Probiotic yoghurts are popular mainly because they come labelled with claims that they are good for you. Whether this is true or not is the focus of a considerable number of studies that are ongoing at the moment. A small study, published yesterday, suggests that the impact of these yoghurt cultures on the composition of bacteria already present in our gut is negligible, they do not replace them, but that they might induce microbial activities involved in digestion. Let’s discuss.

Max’s Note: Before I get into this rather complicated little story, I have to note that the research paper is behind a paywall at Science Translational Medicine. If you want to read it you will need to hand over $15 or find a friend with access. For that reason I am going to keep this fairly short and explain just the topline implications of the research.

In one short sentence: Go and read this article by Ed Yong in Nature News about the research. There is no point in me re-inventing the news wheel for you.  Go, go…


Ok, seen any issues yet? Let’s dissect this carefully. The major result indicates that the composition of gut microbiota does not change very much when probiotic bacteria are ingested but that their activity might be altered. That is a very interesting finding.

The actual mechanisms by which probiotics affect health have actually remained a bit of a mystery for many years despite considerable research efforts. Various hypotheses exist (i.e. changing composition to a more “beneficial” mix, competitive inhibition of pathogens, modulation of innate immunity and the list go on). So, this result might add just that bit more to our understanding of the function of gut microbes and the properties of probiotics.

Next, the design of the study is worth looking at in more detail as it could open the door to more significant discoveries later on. The authors report they used identical twins (in the test and control groups) which would remove confounding factors from the analysis such as human genetic variation. This makes the result more robust. Next, verifying the result in mice with identical genetic makeup and very defined microbial communities in their guts under tightly controlled laboratory conditions adds more weight to the evidence. Then, using some very advanced molecular approaches (variously described under the monikers of microbiomics and more specifically metatranscriptomics, should you care to know) to unravel what are very complex communities of bacteria and their metabolic pathways and come to the conclusion they have is an impressive technical achievement. The finding would have been very difficult to verify without these checks, controls and techniques.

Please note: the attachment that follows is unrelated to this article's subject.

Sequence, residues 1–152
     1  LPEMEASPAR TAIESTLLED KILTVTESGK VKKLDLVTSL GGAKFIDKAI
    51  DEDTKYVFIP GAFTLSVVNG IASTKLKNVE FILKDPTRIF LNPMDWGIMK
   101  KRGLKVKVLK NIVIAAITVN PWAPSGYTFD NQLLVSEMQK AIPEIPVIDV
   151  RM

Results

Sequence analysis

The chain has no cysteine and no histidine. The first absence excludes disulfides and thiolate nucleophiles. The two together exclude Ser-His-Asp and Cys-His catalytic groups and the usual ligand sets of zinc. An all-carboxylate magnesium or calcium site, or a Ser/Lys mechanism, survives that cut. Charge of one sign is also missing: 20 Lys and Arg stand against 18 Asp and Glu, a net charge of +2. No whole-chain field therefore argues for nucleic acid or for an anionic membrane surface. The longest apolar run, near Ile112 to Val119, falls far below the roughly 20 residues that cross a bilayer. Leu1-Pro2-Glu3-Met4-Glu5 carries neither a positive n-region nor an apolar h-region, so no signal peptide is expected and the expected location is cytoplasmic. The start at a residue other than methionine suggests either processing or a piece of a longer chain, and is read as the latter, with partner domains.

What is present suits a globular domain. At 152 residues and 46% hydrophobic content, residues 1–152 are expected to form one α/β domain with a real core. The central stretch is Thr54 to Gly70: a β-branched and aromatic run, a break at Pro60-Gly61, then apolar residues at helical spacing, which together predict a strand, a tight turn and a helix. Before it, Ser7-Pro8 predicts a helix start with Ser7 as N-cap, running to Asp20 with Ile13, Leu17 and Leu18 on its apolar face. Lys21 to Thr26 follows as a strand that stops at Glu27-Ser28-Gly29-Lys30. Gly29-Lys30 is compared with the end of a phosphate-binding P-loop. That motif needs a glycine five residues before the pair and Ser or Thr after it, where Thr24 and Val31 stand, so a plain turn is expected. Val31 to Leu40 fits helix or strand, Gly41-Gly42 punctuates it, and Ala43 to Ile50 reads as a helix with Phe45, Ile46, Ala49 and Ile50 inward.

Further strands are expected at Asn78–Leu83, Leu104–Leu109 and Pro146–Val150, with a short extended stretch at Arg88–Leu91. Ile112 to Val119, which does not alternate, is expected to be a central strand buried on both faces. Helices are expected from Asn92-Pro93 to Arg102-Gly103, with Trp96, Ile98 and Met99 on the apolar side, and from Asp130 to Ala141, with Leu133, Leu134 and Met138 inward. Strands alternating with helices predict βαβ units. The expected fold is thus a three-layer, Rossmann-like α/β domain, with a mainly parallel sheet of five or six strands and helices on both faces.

But, what of the result? What are the implications? Naturally there has been some caution towards the result, including from the lead author and other scientists and these all seem to be fair. The study is small and appears to have some technical limitations (given the comments of Dusko Ehrlich in Yong’s piece). What is interesting is the impact that this approach might have on future studies and on the perennial difficulty of manufacturers of probiotic products to prove their claims. Verifying effects seen in humans in animal models is on the face of it a bit backwards, but in this case it seems appropriate because of the super complexity of the systems involved. We can expect to see studies like this appear again in the future.

It is interesting, but not surprising, that this work has been partly funded by Danone, who are one of the largest manufacturers of probiotic products. They would naturally have an interest in any new approaches or technologies that help boost the strength of evidence behind probiotic bacteria. What is unclear is whether such evidence and approaches will be sufficiently robust to meet the strict requirements of regulatory authorities such as EFSA (who have recently been very critical of the quality of evidence used to support probiotic claims in general). We will have to wait and see on that tricky little area.

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